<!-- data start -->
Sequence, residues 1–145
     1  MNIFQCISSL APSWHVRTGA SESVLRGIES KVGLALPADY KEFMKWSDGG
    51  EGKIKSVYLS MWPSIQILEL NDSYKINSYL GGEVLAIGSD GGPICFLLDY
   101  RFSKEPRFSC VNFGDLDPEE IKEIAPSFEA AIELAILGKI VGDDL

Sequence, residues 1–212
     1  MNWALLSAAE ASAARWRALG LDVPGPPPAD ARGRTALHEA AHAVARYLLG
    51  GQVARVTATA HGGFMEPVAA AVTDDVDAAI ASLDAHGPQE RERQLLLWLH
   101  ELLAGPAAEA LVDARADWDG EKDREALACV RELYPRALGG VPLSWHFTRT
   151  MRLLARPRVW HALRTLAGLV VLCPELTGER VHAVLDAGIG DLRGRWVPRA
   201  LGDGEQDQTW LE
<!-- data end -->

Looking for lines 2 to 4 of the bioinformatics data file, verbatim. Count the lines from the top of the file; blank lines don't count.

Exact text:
     1  MNIFQCISSL APSWHVRTGA SESVLRGIES KVGLALPADY KEFMKWSDGG
    51  EGKIKSVYLS MWPSIQILEL NDSYKINSYL GGEVLAIGSD GGPICFLLDY
   101  RFSKEPRFSC VNFGDLDPEE IKEIAPSFEA AIELAILGKI VGDDL